The benefits of cold water immersion

Reasons to take the plunge

Cold water immersion - there are so many ways to do it: cold showers, filling your bathtub (or wheelie bin) with water and ice, in a cold shower, in a lake, in the sea, in a river – the list goes on. However you get your cold on, there’s a bundle of health and wellbeing benefits waiting for you when you practice regularly, so let’s dive into the detail.

Reduced muscle soreness

Athletes have long relied on cold water immersion to manage delayed onset muscle soreness (DOMS). Cold water immersion constricts the blood vessels, temporarily reducing blood flow to the muscles. This limits the influx of inflammatory cells that contribute to muscle soreness and tissue breakdown [1]. The cold acts as a natural pain reliever with the low temperature numbing the nerve endings and temporarily reducing the perception of soreness and discomfort [2]. This can provide immediate relief and allow for greater mobility and function after exercise.

The initial vasoconstriction (the natural restriction of blood flow) is followed by vasodilation (blood vessels opening up) as your body warms up. This increased blood flow helps flush out metabolic waste products like lactic acid which contribute to muscle soreness when they accumulate [3]. By promoting the removal of these waste products, cold water immersion may accelerate the recovery process.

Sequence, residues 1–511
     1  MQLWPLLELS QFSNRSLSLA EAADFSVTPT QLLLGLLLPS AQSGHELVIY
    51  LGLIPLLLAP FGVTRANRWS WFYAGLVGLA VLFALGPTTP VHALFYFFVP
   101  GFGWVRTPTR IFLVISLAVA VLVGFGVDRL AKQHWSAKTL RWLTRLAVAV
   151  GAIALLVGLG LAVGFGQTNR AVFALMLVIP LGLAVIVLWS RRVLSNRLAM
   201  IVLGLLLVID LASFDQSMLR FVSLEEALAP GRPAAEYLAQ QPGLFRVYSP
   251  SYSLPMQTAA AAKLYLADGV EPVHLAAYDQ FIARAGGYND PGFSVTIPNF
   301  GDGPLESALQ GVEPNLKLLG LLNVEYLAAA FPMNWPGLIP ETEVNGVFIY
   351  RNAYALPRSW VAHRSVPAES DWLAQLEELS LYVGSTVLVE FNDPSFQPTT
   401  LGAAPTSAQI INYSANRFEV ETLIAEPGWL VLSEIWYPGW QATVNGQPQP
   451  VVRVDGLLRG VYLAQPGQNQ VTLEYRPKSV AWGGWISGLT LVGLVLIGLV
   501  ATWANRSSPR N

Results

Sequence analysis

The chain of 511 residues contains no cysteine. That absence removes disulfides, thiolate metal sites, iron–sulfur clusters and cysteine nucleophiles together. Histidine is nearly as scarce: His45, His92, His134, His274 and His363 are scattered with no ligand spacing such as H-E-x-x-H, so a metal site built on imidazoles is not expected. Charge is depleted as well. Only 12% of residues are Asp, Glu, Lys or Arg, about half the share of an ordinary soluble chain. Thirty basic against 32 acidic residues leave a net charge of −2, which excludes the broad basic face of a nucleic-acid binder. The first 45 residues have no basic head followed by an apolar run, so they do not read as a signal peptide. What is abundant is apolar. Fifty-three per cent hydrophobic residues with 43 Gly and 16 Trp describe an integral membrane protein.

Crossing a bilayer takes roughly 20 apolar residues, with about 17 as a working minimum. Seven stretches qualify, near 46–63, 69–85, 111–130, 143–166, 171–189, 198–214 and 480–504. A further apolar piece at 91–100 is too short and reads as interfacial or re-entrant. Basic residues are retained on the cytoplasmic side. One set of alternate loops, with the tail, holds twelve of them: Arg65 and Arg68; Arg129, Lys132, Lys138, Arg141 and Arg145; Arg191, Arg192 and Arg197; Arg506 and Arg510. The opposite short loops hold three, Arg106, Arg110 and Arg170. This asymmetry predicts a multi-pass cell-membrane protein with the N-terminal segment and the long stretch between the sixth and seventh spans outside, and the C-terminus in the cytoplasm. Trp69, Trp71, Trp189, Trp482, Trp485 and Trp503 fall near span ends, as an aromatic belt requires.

Improved circulation

Our circulatory system acts like a complex network of highways, transporting oxygen, nutrients, and waste products throughout the body. Cold water immersion has the potential to improve circulation in several ways, thanks to its influence on blood vessels and blood flow.

When you hit the cold water, your body’s "fight-or-flight" mode is triggered. This survival mechanism activates the release of adrenaline and other stress hormones. These hormones cause blood vessels to constrict, particularly those closer to the skin's surface. This initial constriction helps to prioritise blood flow to vital organs like the heart, lungs, and brain, ensuring they have the oxygen and nutrients they need to keep you functioning optimally.

As your body continues to work to maintain core temperature, it triggers vasodilation, the widening of blood vessels. This rapid dilation increases blood flow throughout the body, including the extremities that were initially restricted [4]. The surge in blood flow carries fresh oxygen and nutrients to your tissues, promoting cellular health and improving the efficiency of waste removal.

The circulatory benefits of cold water immersion may extend beyond the immediate response. Some research suggests that regular cold water exposure can lead to long-term adaptations in the cardiovascular system. These adaptations could include improved blood vessel elasticity and a reduced risk of blood vessel constriction (vasoconstriction), both of which can contribute to better overall circulation [5].